Contribute

About us

What is RLA

Sections

Introduction

Rohingya Language Academy (Rohingya Zuban) is a platform & educational hub that allows Rohingya to learn and interact with the Rohingya language and its required tools.

RLA hopes and believes in developing the Rohingya language further by preserving its Authenticity, Cultural & Religious values.

What do we do

Developing Rohingya language & culture

Rohingya Zuban Academy also helps international media, the audience, and linguistics to know more about the language itself.

Rohingya Zuban comprises fully equipped & experienced team members from different areas & professions such as Rohingya language experts, teachers, writers, journalists, etc.

Our project

Rohingya culture

RLA has already recreated the Rohingya National flag, which was available since the mid-20th century, and is also in the process of designing its own fonts and educational books.

Designing Rohingya typefaces

FONT DESIGN

Maa leka (Maa typeface) is a new font created by team RLA. It is a combination of both Kuna (angled) and Guwaiyya (Round) reflecting its unique native and indigenous features which is among the initial developments of Rohingya typeface, providing the users to use both in casual and formal world, whether in print or on-screen.

Read the case study

Wanna create your own custom Rohingya Unicode typeface?

Our latest work

Maa Leka

Maa leka (Maa typeface) is a new font created by team RLA.

Rohingya Library

Rohingya Library

Google fonts

Noto Sans Rohingya

Learn Rohingya

Rohingya Shiko

Rohingya Books

Rohingya Kitab

Rohingya Fonts

Rohingya Leka

Rohingya Keyboard

Rohingya Keyboard

Rohingya Library

Rohingya Library

Rohingya Culture

Rohingya Rosom

Rohingya History

Rohingya Towarik

Rohingya News

Rohingya Khobor

Co-Founder

Adviser

Teacher

Teacher & Adviser

What we do

Rohingya Zuban also helps international media, audience, and linguistics to know more about the language itself.

Rohingya Zuban Academy comprises fully equipped & experienced team members from different areas & professions such as Rohingya language experts, teachers, writers, journalists, etc.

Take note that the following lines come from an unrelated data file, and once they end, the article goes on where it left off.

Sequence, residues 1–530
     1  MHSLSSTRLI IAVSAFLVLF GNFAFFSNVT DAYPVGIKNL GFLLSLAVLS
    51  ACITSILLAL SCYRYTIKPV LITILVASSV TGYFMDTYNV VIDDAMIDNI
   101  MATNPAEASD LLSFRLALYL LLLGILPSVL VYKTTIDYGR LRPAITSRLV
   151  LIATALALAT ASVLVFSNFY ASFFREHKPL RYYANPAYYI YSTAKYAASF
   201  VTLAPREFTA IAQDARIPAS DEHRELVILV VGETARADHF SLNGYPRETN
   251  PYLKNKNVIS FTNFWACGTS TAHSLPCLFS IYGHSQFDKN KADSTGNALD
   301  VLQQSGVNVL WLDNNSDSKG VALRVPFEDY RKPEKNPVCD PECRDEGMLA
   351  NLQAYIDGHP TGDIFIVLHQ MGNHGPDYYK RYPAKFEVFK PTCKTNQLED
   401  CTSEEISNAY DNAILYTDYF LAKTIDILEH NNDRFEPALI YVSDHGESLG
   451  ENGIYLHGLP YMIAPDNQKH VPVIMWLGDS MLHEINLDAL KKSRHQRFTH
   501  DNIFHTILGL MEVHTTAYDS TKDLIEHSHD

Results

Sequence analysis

Our team is fully equipped & experienced team members from different areas & professions such as Rohingya language experts, teachers, writers, journalists, etc.

Do You Have Any Questions? Read Our FAQs Section & Feel Free to Ask

Rohingya are the indigenous ethnic minority of Burma (Myanmar) mainly residing in Arakan (Rakhine) state. The descendants of the ancient inhabitants of Arakan, genealogically linked up with people of Dannavati, Vesali and Chandra to Indo-Arian. Four million Rohingya population are estimated around the world from which more than 2.5 million are forced to flee and live in diaspora mainly in Bangladesh, Pakistan, Saudi Arabia, Malaysia, India, Thailand, Indonesia and others. Rohingya were listed as ethnic group and enjoyed full right of citizenship of Burma even after the independence in 1948 from Britain. Burmese Military government introduced a new law in 1982 which delisted Rohingya from ethnic group and revoked their citizenship. Rohingya are considered the most persecuted minority in the world. They are made stateless in their own ancestral land, denied citizenship and subjected to systematic persecution for decades.

Rohingya people speak a dialect of Chittagonian Bengali lanuagage or they know Bengali literature and they have a lot of interest in it even to learn Bengali Alphabets. Rohingya people study in Farsi, Urdu, Arabic, Burmese and English only. All religious studies are done in Farsi, Urdu and Arabic.

Rohingya Language Academy (Rohingya Zuban) is a platform & educational hub that allows Rohingya to learn and interact with the Rohingya language and its required tools. RLA hopes and believes in developing the Rohingya language further by preserving its Authenticity, Cultural & Religious values.
Rohingya Zuban also helps international media, audience, and linguistics to know more about the language itself.

While the Rohingya language and Chittagonian dialect sound quite alike, both sets of speakers agree that it is not 100 percent similar. “The main difference is that the vocabularies differ,” says AK Rahim, sociolinguistic researcher for TWB and a native Chittagonian speaker.

Add to Collection

No Collections

Here you'll find all collections you've created before.